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 Post subject: Using very high power PSU passively on small system?
PostPosted: Wed Nov 20, 2002 11:20 am 
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Joined: Sun Aug 11, 2002 3:26 pm
Posts: 128
Location: Walnut Creek, CA
It occurred to me that a power supply claiming to supply, say, 400 or 500 Watts "must" (should!) have some pretty good heat sinking. So if one were to purchase such a PSU, and put it in a very modest system (drawing 100-200 Watts, say), then could one run it fanless do you think?

Has anyone looked into this?

I currently have the Zalman 300 PSU and it's pretty quiet, but not quiet enough. I'm planning to replace fans on it. So this is just an alternate line of thought!


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PostPosted: Wed Nov 20, 2002 10:26 pm 
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Joined: Sun Aug 11, 2002 3:26 pm
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Location: Phoenix, AZ
It makes sense to me. I'm not sure if you'll be able to run it fanless, but a higher rated PSU should be able to transfer more heat to the air passively than a smaller one. Higher end PSU also tend to have higher quality components in general.

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PostPosted: Thu Nov 21, 2002 10:44 am 
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Joined: Sat Oct 19, 2002 12:06 am
Posts: 205
Location: Concord, Ca
Most systems even fairly "high powered" ones draw way less than 200 watts. For example my XP 1800 two disk drive system just breaks the 100 watt mark at idle (with idle cooling software running) and peaks out at about 150 watts fully loaded. I am almost certain that most 400 to 500 watt PSUs designed to be fan cooled would eventually go up in smoke without fan(s) if they were powering a 100 to 150 watt system like mine. The real question here is how long would it take before you let the smoke out. The highest quality ones might work for some time (weeks, months - maybe if your lucky) before failing but most would fail at some point.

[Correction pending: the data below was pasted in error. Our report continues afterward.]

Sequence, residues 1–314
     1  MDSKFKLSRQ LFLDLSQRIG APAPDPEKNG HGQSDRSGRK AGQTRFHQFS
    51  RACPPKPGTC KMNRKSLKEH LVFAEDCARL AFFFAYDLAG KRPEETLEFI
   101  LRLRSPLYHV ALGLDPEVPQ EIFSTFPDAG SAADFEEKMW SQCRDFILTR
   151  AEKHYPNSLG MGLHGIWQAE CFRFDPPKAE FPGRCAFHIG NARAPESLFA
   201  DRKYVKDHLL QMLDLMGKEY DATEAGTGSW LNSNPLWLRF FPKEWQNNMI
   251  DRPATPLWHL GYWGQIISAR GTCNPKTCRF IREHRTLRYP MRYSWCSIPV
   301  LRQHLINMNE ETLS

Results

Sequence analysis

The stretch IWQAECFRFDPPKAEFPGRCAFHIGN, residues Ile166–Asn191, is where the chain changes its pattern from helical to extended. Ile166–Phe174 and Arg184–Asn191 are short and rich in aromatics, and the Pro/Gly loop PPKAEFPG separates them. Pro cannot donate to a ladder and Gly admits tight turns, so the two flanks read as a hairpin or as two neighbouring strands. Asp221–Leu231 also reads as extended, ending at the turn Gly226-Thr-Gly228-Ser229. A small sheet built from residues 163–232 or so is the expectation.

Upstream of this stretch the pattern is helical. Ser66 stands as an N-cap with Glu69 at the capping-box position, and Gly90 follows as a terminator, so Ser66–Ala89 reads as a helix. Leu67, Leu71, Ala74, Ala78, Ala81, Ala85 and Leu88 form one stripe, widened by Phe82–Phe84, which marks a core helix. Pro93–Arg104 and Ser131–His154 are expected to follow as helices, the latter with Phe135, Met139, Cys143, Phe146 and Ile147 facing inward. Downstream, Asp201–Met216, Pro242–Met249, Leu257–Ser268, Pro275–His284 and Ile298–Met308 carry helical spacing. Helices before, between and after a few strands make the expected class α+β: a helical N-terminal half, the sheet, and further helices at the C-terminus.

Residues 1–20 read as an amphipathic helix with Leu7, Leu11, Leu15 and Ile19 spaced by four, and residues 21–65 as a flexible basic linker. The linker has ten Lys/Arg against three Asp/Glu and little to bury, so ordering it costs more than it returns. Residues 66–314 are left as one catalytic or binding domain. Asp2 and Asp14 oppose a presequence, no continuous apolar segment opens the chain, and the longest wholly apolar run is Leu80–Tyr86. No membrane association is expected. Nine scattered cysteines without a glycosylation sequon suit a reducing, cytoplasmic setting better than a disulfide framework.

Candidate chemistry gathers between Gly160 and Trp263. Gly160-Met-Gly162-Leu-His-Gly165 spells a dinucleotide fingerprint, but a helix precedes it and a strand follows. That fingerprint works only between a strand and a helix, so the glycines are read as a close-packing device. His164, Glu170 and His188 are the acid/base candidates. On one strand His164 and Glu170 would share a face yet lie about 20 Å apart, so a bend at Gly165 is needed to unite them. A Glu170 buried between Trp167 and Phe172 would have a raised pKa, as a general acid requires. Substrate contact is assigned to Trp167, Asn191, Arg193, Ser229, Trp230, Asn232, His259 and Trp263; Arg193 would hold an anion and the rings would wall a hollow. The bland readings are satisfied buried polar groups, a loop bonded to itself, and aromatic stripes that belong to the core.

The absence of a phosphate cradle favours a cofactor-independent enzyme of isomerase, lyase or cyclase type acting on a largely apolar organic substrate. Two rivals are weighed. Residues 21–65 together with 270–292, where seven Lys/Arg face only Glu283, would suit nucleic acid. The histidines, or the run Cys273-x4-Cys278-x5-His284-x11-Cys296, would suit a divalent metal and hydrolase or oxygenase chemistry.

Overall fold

Also remember that most of these units are about 70% efficient. So at 100 watts out that means a little over 30 watts of heat needs to be dissipated from the PSU. Without a fan or an external heat sink where is that heat going to go?

In order to do what you are proposing you would have to build a system that needs way less than 100 watts to even have a fair chance of having this work.

If you want a fanless PSU why don't you just buy one that is designed to run fanless?


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PostPosted: Thu Nov 21, 2002 6:05 pm 
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Joined: Sun Aug 11, 2002 3:26 pm
Posts: 128
Location: Walnut Creek, CA
Good points. I was really just curious. "Fanless" was perhaps extreme, though - I would use a very slow fan, probably.

I'm working on silencing my Zalman 300, which is already pretty quiet, with better quality fans and reduced voltage - but still running.

As for actual 'fanless' models (designed that way), the ones I've seen are non-standard form-factor, and/or have buzzing associated with them. Maybe I'm getting behind with the product announcements, but I haven't seen anything that 'fits' even closely in the case and is regarded as very good. Did I miss one? Thanks, Chris


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